Thursday, 31 March 2011

Music and Murder in Newcastle

The latest in Roz Southey's Charles Patterson series is now out. The books, set in and around Newcastle upon Tyne in the 1730s, are historical crime fiction with a supernatural twist. Roz says she didn’t set out to write a paranormal crime series - the idea just came to her as she was writing the first one. Now with each book Roz has to think of a mystery that will challenge her hero, and the reader, within the rules of the universe she has created.

Charles Patterson is an impoverished musician who also has a talent for investigating murder. The character is based on Charles Avison, a Newcastle man who was one of England’s most important composers in the eighteenth century. The flourishing music scene scene of north east England in that period plays a major role in the books, as does Newcastle itself, with its quayside, narrow alleys and elegant squares.

Newcastle was a fast growing town in the eighteenth and nineteenth centuries. Its prosperity was based first on the coal mining in the region, and the export of coal to London and elsewhere. A hundred years after Charles Patterson’s time, around a million and a half tons of coal a year were being shipped out of Newcastle.

As the Industrial Revolution gathered pace, a wide range of goods was manufactured in and around Newcastle. ‘Every description of goods in cast and wrought iron, and brass; steel goods; sheet and pipe lead; patent-shot; white, orange, and red lead; paint; crown, flint, and bottle glass; earthenware and pottery; alkali and other chemical preparations; copperas, soap, salt, and various other articles…. There are other foundries and forges for the manufacture of steam-engines, machinery of all descriptions, and agricultural implements; and extensive works for building railway and other carriages.’ Shipbuilding too was a major industry on the Tyne.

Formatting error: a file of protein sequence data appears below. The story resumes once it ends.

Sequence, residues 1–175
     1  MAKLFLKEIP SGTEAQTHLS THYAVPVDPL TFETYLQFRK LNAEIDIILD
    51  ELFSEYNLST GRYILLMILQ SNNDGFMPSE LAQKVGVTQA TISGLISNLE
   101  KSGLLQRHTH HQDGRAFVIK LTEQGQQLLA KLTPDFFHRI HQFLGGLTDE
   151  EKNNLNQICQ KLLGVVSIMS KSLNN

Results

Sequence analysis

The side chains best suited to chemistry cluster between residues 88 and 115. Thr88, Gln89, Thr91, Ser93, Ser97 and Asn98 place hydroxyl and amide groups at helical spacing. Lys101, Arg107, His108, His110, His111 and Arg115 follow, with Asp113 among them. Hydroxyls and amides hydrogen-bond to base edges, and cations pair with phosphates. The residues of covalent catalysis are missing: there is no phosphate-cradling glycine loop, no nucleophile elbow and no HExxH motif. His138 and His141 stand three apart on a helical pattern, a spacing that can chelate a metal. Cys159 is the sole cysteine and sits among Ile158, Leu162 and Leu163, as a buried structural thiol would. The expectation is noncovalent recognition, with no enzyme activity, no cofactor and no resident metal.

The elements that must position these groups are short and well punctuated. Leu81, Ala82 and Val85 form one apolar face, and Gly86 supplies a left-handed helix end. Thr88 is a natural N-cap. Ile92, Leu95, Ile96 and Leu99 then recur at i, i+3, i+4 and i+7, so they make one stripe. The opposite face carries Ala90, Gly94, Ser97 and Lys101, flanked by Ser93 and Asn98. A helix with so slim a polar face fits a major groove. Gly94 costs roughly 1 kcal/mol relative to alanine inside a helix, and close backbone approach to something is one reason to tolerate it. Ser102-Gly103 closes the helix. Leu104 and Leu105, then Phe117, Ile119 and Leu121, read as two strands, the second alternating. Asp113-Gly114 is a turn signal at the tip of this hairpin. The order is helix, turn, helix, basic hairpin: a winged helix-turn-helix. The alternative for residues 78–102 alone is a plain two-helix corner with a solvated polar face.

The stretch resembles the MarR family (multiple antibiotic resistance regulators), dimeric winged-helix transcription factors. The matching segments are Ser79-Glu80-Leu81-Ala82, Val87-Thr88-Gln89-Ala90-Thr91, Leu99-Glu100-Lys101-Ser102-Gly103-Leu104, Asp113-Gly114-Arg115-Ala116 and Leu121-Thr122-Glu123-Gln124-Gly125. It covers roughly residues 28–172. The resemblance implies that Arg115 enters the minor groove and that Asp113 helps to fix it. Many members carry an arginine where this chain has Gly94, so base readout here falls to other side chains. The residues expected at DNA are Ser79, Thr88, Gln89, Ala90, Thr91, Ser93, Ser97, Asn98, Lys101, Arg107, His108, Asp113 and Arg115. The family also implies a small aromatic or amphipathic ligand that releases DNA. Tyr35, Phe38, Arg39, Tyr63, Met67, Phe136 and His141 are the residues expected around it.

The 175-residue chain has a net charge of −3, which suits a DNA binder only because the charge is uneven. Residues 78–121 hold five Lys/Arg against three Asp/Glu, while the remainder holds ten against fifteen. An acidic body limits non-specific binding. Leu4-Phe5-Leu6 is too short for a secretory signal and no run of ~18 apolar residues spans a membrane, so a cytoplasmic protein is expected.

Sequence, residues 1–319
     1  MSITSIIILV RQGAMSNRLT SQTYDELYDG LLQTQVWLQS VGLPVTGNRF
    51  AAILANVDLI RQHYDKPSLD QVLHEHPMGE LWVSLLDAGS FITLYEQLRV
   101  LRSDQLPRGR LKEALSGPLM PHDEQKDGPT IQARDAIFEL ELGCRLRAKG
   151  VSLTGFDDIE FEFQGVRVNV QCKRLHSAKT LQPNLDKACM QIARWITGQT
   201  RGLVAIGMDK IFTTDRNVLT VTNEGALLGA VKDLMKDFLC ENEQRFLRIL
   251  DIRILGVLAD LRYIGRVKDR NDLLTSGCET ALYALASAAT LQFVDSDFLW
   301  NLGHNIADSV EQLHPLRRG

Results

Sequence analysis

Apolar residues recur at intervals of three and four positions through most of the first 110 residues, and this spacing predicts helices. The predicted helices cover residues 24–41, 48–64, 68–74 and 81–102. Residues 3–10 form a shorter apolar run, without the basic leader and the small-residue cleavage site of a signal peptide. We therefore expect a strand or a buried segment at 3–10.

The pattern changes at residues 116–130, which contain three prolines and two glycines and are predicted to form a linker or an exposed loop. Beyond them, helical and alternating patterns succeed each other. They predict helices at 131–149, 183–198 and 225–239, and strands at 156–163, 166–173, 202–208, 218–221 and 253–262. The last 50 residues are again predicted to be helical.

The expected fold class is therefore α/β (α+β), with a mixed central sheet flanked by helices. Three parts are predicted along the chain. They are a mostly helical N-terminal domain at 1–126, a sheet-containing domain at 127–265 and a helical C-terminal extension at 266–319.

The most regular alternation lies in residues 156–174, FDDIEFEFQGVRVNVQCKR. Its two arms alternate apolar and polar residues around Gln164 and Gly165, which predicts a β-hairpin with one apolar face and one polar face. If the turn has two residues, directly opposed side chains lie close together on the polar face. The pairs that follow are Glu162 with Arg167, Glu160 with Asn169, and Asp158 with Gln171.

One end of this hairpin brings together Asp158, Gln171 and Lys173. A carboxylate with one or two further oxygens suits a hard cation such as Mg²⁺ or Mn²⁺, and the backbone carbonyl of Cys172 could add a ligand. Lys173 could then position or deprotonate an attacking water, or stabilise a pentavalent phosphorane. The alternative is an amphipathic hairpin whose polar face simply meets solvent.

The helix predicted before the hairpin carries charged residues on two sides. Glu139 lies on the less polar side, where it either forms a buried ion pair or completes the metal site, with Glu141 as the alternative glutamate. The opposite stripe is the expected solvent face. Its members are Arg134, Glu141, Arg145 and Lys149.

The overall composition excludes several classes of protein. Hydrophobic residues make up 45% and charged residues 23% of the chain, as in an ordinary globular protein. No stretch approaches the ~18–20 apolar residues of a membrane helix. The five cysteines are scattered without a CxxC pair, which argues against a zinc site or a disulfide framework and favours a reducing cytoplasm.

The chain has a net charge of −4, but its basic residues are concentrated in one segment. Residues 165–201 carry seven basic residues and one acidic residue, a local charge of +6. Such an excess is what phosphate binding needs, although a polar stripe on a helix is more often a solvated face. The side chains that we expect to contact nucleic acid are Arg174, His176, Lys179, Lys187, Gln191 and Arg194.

In 1827, the author of a history of Newcastle declared ‘The richer classes in Newcastle consist of the descendants of ancient and distinguished mercantile families, or of those who have accumulated a fortune by a long exercise of superior knowledge and industry. They are therefore well-informed, polite, and unostentatious; and to the influence of their manners may the respectful demeanour of the other classes be mainly attributed…. The insolent, vulgar, purse-proud upstarts, that swarm in some places, are almost unknown here.'

Charles Patterson would probably have disagreed.

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